There are now 12 lawsuits seeking $85 million in connection with a Tennessee charity’s fatal fundraising car show this past June.
Ronald Griswell, whose teen daughters Raven Leann and Nicole Charm were killed in the accident, filed two lawsuits. The first seeks $5 million in damages and $15 million in punitive damages. It was filed against the driver, Troy Warren Critchley; Cars for Kids-Southern Style Inc. and its president and founder Larry Price; and AMS Staff Leasing Inc., which owns the car. The second suit was filed against the city of Selmer and seeks compensatory damages of “a fair and reasonable amount,” and court costs.
Bruce Replogle, the father of 15-year-old victim Scarlett, filed the first lawsuit related to the accident, which seeks $10 million in damages.
In all, six people were killed and more than 20 were injured in the June 16 car show in Selmer, Tenn., less than 100 miles east of Memphis. A 1993 modified Corvette lost control during an exhibition burnout, in which the car spins its tires while stationary, on a public street and careened into a crowd of people.
Price, in an interview with The NonProfit Times, indicated the charity he founded 18 years ago did not have insurance for the event. There’s also been some question as to whether the city had approved parade permits for the festival, which annually draws some 50,000 people.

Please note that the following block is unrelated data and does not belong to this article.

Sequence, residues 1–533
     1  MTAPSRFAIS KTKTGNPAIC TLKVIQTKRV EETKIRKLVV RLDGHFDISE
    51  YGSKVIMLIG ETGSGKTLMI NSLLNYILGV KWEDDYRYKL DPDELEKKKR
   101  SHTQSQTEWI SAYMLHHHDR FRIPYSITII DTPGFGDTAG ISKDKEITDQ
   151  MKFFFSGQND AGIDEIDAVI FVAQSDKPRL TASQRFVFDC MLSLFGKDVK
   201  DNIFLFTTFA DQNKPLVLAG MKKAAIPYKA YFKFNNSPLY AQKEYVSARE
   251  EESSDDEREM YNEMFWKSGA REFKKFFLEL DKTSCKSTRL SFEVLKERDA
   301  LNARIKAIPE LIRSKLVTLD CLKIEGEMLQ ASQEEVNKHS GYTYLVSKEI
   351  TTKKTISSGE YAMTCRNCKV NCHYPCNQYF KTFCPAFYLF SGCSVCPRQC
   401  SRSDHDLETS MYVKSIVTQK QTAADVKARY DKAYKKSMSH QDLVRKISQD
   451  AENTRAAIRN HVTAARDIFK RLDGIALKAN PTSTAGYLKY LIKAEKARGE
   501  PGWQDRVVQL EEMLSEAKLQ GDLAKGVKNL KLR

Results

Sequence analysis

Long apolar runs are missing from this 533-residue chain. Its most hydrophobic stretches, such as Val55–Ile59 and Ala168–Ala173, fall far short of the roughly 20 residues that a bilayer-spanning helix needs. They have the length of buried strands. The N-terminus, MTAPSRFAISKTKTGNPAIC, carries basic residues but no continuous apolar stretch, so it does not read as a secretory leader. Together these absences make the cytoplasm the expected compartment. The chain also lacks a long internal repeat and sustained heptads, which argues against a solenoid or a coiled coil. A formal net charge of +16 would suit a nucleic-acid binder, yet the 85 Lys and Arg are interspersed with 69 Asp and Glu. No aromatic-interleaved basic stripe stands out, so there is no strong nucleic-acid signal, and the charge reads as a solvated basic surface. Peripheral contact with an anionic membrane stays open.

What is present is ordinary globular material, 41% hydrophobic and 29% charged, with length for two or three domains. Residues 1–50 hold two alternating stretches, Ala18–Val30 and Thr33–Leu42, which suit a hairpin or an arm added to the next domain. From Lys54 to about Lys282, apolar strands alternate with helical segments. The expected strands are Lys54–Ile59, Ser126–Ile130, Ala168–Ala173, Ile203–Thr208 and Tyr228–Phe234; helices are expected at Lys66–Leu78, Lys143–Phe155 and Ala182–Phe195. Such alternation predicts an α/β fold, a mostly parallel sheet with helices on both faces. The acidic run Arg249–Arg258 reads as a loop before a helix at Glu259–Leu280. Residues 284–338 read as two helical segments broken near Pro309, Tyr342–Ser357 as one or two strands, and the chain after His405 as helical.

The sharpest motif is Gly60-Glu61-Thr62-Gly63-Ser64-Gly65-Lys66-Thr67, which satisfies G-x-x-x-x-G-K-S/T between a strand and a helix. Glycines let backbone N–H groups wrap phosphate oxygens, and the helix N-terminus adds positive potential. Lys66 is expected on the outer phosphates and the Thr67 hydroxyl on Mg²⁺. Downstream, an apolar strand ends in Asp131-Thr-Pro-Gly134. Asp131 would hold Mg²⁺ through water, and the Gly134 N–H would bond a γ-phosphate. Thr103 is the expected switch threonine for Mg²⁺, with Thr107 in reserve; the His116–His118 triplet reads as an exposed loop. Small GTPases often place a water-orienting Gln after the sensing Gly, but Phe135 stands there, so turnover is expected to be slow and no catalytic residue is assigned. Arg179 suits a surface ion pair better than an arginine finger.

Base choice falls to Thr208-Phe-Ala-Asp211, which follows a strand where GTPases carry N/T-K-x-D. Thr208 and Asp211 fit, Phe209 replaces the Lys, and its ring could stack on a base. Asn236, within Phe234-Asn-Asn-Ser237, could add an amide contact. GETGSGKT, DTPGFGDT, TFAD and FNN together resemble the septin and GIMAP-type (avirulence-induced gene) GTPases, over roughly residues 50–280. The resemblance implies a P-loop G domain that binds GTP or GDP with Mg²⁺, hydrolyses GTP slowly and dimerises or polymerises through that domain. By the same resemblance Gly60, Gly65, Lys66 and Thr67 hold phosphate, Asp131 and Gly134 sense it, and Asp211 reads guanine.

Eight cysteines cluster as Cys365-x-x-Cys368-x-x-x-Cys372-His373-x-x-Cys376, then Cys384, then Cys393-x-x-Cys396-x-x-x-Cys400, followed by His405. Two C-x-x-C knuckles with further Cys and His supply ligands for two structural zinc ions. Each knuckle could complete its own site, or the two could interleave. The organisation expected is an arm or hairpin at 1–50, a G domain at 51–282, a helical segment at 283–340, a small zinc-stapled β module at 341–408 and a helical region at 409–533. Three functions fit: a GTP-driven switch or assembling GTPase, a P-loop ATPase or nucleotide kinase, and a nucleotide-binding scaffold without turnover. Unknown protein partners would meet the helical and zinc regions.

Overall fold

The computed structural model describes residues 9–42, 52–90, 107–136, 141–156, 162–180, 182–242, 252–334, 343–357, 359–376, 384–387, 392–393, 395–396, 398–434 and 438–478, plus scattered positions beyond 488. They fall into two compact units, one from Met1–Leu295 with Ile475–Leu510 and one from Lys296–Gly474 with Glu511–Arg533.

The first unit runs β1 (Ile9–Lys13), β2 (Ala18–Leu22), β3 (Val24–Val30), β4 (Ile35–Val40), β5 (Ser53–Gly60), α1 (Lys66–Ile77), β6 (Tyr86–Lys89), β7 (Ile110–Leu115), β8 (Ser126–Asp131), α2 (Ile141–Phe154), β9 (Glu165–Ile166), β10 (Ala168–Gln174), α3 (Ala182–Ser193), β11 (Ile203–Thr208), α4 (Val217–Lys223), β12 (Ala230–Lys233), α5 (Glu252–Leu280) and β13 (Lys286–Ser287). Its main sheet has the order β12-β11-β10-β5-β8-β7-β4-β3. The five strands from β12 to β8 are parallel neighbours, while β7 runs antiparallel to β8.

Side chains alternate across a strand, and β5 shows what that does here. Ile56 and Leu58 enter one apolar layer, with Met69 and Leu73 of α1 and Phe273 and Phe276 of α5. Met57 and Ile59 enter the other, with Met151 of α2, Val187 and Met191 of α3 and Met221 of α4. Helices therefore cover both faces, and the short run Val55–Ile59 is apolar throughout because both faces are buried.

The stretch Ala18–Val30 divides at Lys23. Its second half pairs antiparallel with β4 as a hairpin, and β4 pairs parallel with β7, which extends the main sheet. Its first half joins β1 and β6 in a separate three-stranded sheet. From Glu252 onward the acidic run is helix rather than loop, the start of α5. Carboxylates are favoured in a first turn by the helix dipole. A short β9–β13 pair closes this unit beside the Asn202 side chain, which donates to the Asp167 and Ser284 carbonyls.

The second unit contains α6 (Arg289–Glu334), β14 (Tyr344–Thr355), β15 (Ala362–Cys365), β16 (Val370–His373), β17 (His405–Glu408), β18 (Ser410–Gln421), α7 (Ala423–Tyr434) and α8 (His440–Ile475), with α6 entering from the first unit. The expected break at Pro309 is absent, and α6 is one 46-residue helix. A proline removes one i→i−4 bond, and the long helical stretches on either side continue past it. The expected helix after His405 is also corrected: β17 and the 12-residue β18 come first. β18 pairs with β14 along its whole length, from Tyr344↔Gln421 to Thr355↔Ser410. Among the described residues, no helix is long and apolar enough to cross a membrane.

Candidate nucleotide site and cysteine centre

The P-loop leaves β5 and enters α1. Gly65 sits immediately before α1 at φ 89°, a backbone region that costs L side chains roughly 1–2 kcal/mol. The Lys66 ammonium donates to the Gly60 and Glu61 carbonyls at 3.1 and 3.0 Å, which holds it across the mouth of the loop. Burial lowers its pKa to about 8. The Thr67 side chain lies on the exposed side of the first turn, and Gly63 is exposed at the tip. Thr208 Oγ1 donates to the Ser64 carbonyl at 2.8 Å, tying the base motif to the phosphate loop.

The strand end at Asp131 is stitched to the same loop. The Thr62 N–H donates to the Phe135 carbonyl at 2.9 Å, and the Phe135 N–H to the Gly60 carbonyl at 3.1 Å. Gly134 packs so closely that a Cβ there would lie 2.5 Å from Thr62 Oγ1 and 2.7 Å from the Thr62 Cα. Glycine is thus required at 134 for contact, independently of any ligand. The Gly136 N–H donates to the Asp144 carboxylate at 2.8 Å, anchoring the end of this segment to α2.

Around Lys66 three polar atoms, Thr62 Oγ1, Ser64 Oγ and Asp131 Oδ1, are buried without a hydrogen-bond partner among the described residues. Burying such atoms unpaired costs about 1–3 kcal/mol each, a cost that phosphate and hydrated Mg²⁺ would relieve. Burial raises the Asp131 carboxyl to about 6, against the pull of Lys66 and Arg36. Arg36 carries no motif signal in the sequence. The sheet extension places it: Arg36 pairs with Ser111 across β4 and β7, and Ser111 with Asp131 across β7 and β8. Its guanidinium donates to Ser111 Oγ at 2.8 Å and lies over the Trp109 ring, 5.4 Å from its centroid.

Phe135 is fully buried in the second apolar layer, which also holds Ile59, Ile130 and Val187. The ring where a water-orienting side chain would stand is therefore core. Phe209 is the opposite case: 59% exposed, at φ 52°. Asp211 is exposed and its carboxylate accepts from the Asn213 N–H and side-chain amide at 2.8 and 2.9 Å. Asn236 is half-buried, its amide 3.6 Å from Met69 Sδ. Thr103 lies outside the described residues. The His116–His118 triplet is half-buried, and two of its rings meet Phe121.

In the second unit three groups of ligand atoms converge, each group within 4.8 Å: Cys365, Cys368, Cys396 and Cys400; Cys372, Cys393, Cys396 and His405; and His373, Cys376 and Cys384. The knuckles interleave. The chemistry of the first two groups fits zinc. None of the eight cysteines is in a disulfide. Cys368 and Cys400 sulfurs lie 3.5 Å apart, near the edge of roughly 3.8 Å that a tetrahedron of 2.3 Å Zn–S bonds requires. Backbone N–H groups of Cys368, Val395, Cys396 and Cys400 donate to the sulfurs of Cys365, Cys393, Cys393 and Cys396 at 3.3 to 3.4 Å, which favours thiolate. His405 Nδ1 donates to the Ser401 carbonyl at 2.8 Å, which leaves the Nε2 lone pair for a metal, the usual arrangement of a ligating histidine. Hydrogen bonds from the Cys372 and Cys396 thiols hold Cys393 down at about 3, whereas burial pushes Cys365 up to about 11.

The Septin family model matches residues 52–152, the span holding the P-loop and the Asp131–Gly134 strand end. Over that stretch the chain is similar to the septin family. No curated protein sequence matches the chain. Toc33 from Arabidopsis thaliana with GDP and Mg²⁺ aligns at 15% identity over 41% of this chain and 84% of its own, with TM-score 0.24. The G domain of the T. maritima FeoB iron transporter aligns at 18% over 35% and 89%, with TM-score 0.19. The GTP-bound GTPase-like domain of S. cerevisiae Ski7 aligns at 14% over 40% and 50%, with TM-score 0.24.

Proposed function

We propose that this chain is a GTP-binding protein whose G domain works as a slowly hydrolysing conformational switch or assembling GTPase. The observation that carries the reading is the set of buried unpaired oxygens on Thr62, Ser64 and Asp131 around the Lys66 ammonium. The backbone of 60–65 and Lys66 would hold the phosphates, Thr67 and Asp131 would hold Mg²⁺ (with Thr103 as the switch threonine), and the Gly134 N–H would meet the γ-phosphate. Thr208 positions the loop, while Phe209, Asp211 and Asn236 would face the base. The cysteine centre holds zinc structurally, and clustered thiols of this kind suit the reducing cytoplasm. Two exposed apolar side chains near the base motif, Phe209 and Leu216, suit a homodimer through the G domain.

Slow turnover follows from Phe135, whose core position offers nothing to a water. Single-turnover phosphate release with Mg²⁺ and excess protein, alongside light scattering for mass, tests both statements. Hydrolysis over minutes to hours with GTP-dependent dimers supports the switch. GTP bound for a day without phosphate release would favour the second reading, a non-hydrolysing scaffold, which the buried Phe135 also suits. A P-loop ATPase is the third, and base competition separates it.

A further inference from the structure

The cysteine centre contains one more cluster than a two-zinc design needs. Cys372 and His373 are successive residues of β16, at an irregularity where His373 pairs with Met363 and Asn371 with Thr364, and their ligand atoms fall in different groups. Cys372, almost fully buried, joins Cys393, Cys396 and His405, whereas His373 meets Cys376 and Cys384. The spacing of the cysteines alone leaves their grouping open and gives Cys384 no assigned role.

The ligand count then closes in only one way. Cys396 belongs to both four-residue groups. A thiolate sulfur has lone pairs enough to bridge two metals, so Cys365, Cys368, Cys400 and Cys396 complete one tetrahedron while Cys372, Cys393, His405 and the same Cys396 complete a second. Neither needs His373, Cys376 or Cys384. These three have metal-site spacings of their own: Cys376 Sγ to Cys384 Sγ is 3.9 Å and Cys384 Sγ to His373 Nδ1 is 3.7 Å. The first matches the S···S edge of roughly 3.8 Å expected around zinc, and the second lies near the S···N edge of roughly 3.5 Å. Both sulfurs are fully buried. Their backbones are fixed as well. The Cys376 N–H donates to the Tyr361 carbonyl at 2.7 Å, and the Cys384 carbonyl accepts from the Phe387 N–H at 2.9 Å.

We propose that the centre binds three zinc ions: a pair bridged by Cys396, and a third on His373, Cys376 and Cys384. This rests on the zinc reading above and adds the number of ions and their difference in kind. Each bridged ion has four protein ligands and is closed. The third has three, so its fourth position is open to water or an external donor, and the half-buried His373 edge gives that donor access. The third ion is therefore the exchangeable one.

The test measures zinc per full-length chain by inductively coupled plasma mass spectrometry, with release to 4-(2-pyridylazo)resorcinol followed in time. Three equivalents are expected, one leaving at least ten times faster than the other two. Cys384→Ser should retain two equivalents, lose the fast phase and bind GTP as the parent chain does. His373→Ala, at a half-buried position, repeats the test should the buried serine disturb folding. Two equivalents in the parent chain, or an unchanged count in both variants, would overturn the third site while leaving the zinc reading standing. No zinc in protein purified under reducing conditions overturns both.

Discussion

Cars for Kids-Southern Style also had not registered with the state’s Division of Charitable Solicitations and Gaming. Its application for registration was denied last month because the summary of financial activities did not match the figures in its Form 990, said Todd Kelley, director of the Division of Charitable Solicitations and Gaming.
If a nonprofit is soliciting in Tennessee, it must either register with the state or file for exemption, Kelley said. Once the registration issue is resolved, he said the next step, if Cars for Kids wishes to continue soliciting, would be to review its previous activities and determine any disciplinary action.
Kelley said the charity also submitted to him its Form 990s from 2003 to 2006. According to Internal Revenue Service (IRS) spokesman Dan Boone, the last return the federal agency has on file from Cars for Kids is from 2002.
Cars for Kids files with the IRS as a private foundation. The 2002 form indicates about $94,000 in revenue and $80,000 in expenses, which includes $48,000 in grants disbursed to some 16 organizations. The organization listed almost $48,000 in net assets. Kevin Redmon, listed as the preparer on the charity’s 2006 Form 990 submitted to Kelley, did not return a phone call by presstime.
Criminal charges are not out of the question but the investigation is still weeks from being completed. The Tennessee Highway Patrol (THP) has interviewed more than 100 witnesses and a blood sample came back negative on the driver, according to a spokesman for the THP.